My shows like SuperTed, Fantastic Max and the movie Once Upon A Forest all had to be produced or re-produced by Hanna Barbera.
The world has changed dramatically during the past 20 years and now in both creative and financial terms, animation has to work all over the world and not just the US. There are also vague signs that the US market is becoming less insular.
DA: What does independence mean for an animation studio such as yours?
We’re not quite the last independent, but some household names such as Hanna Barbera, Filmation, Ruby Spears, DIC, Fred Wolfe Films, Marvel Animation and many others have disappeared during the time we’ve been in business.
Even some of the studios, including Warner Bros, Universal and Dreamworks, have closed down TV production. For Moonscoop [which acquired Mike Young Productions in 2005] and ourselves, we have to be quick on our feet, and develop and produce in the time it takes some of the larger entities to get out of bed. We were the first producer in India – now Disney and Dreamworks produce there.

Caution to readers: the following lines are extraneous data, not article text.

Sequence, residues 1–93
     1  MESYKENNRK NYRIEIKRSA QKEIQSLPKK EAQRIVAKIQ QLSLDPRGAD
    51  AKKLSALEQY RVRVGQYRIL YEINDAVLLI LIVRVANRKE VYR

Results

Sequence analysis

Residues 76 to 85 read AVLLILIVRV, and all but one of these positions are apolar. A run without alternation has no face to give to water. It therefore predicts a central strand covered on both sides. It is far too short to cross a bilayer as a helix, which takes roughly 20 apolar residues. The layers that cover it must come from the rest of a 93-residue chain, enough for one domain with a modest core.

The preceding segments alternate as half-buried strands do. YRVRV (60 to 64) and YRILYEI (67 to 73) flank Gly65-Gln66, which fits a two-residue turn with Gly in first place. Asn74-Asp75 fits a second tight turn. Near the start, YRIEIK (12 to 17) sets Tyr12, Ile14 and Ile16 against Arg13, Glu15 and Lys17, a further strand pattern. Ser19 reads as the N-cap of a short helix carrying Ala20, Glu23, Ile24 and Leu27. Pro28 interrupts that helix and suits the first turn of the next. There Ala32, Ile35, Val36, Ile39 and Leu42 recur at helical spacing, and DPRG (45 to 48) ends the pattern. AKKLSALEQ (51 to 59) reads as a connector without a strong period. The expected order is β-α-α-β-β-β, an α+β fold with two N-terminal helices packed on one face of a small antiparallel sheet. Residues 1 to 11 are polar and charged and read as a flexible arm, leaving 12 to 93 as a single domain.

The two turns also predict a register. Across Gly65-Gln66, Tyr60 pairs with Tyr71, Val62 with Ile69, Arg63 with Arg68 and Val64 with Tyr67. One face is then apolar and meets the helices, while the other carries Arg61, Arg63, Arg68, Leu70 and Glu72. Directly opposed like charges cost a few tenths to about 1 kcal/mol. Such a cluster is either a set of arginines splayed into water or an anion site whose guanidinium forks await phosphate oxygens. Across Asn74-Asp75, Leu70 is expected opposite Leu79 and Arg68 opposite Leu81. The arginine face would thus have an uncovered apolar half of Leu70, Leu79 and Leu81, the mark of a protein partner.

We were the first with digital production, the first to produce in high definition, the first to co-produce with other countries in a true collaborative way, not just dumping American culture on them as others do. Some of the bigger studios still produce in regular definition and 4-x-3 even today, which always amazes me.
DA: How has the UK animation industry changed since you first started out?
The UK animation industry rules in the area of pre-school production. They are the best. We produce Dive Olly Dive! and now Chloe’s Closet in our UK studio because the writing and the pace of the shows made there work so well for pre-school.
Sometimes we struggle in the older demographics, but you can’t have it all. The UK industry has to fight to survive as, similarly to in the US, there is little or no public funding for filmmakers of all types – including animation.
Children’s production is always the first to be cut when the chips are down and has the most legislation to contend with. France, Canada and Australia especially have massive support for children’s programming.